"So," Jack finally broke the link by looking down at his feet. "About a month ago they offered me a position in Washington–"

She responded even before he'd finished. "You'd hate it."

"I turned it down."

Sam sensed that something wasn't right. That this wasn't the whole story. "But?" she prompted.

"Thor showed me that though D.C. has a downside, there's an upside too." Jack seemed to struggle in finding the right words. "The 'thingy' doesn't really go into detail. Just shows you a moment in time that will happen if I make that particular choice."

"But the moment will happen only if you take the job in Washington?" she asked, making sure she understood where he was going with this.

He nodded. "I saw you and I together, here at the cabin. In that bed, under my Grandma's quilt."

"Sir, please tell me you and Thor weren't watching us…"

Jack fought a smirk. "No, you were asleep."

"Ah," Sam replied, grateful the darkness of the room hid the blush that now painted her otherwise pale complexion.

"Well… you were sleeping," Jack said, his voice growing a little uneven. "Until our two kids crawled in with us because they were afraid of the thunder outside."


"One boy and one girl. Don't worry, Carter, they got your looks."

"Oh," was all she could come up with. Not particularly profound, but who could blame her? An alien just showed Jack his children. Hers. Theirs. "Oh, God."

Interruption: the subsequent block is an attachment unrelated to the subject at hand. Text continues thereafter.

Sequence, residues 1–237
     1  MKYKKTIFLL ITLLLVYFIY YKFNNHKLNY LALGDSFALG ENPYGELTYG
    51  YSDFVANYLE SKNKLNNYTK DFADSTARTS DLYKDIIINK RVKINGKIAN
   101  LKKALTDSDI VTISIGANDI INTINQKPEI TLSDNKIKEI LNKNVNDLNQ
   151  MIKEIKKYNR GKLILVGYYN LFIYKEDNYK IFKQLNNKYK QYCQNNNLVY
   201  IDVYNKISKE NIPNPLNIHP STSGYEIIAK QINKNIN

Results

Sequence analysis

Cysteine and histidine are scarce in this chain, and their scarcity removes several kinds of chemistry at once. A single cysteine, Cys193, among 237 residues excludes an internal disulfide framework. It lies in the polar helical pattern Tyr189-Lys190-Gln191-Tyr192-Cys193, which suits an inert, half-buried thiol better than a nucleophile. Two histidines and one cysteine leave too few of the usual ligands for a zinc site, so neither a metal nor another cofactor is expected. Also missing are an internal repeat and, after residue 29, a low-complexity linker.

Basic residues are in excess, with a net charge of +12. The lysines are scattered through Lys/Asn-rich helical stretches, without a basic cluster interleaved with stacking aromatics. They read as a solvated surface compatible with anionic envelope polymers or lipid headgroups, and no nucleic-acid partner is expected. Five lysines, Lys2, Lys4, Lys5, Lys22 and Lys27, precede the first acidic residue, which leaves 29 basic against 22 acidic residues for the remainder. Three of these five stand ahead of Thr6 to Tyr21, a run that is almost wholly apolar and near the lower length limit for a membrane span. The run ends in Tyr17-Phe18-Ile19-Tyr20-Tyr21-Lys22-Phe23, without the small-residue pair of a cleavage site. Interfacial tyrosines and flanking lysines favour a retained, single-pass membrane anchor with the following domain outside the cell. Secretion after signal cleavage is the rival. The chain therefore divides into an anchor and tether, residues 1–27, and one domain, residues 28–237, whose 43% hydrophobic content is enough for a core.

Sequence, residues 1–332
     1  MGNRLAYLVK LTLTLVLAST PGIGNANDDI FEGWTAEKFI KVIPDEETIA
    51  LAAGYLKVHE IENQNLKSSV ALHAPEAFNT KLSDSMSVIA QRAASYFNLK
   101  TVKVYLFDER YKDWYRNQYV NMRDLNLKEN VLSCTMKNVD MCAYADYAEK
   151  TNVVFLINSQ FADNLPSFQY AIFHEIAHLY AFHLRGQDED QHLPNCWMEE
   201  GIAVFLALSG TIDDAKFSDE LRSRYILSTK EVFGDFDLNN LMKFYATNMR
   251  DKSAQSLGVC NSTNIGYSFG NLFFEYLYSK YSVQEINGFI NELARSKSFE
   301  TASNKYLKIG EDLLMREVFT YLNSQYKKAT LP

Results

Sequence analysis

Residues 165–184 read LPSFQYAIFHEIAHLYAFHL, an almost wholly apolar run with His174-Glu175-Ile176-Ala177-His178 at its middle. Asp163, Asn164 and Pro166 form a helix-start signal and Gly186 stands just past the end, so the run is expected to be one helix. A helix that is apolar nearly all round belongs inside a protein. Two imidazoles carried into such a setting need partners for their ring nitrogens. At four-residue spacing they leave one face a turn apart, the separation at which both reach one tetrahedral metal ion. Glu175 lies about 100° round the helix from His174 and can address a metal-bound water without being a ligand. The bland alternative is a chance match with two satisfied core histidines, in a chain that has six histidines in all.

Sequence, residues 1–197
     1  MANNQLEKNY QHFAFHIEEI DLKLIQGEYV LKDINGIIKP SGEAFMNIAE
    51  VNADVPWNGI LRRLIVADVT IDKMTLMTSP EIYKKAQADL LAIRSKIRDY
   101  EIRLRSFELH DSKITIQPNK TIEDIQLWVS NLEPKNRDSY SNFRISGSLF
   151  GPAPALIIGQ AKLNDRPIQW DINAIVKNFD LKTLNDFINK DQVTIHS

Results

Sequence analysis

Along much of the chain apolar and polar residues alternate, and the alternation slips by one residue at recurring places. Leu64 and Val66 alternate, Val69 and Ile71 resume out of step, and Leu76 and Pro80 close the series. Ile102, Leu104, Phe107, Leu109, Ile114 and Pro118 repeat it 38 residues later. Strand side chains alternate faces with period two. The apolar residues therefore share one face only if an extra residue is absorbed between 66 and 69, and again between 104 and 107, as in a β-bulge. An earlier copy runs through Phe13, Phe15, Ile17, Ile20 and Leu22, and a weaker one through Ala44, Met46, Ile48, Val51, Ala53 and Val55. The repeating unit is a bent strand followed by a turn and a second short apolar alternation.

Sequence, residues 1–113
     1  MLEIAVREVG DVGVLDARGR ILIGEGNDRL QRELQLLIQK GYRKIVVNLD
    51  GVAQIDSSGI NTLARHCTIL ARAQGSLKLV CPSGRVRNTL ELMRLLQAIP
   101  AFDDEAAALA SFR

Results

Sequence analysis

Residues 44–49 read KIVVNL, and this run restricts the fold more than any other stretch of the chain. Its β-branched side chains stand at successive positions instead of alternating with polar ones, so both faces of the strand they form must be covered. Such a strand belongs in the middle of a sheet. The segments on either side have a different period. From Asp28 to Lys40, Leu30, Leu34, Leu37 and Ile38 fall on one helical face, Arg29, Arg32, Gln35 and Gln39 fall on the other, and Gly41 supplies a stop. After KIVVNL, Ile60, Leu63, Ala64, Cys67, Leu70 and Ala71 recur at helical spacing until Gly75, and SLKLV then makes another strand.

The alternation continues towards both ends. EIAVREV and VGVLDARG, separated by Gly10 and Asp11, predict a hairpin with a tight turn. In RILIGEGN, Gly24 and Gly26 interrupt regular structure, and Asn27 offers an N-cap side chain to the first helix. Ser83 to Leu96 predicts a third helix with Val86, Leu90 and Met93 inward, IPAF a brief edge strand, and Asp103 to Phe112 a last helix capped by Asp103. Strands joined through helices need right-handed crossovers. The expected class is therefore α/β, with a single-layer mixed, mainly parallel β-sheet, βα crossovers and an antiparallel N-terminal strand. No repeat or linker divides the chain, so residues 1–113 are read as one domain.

"You seemed so incredibly happy. I watched an older version of myself look at you and our kids and I..." He stopped. The brief quiet in the room was deep and rich. "I want that," Jack admitted softly.

Tears gathered at the corner of Sam's eyes. "Me too."

"Hey, none of that." Jack now finally crossed the room to her, and he placed a hand gently on her cheek.

Sam closed her eyes and leaned into it. "Good tears, I swear."

"This isn't going to be easy," Jack admitted. "I won't be near you everyday."

"I know."

"But it will be worth it, eventually."

"I think so too," she said. "I love you."

"Loving each other has never been what's held us back."

"No… no more holding back?"

"Nope," Jack replied.

"We're really going to do this?"

He sat down on the bed beside Sam as he whispered, "Looks that way."

She smiled, "Finally?"

"If that's what you want. Then, yes."

Jack looked down, this close to her and at the new angle allowed him to see– Holy Mother of–

"Crap, Carter. You were naked under there this entire conversation?"


"And you failed to mention that from the beginning?"

She cocked an eyebrow. "If I mentioned it at the beginning, would we have had any conversation at all?"

"Good point."

"You said you wanted to talk," Sam reminded.

"Done talking. Talking's overrated."

"Com're," she used his password.

He felt obligated to ask, "You sure?"

The irony of the question was not lost on Sam. They'd just planned out their future together, including having children, and yet he was asking if it was OK to kiss her. They really were messed up.

Sam gave him a look. "I wouldn't have been laying here naked, waiting for you, if I wasn't absolutely sure."

"Carter, this is the third night we've been here at the cabin."


"I missed…?" He started to ask as she snorted a laugh. "Damn."

Sam ran a hand through his hair. "I hear that it helps to practice, you know, before starting the baby-making for real."

"Ah. Well. Practice makes prefect, I always say."

"Really? She questioned. "Because I'm pretty sure I've never heard you say it before now..."

"Cheeky little brat," he murmured.

Sam moved even closer in his embrace. "And yet, you love me anyway."

"I do," Jack said between kisses and giggles. "And I always will."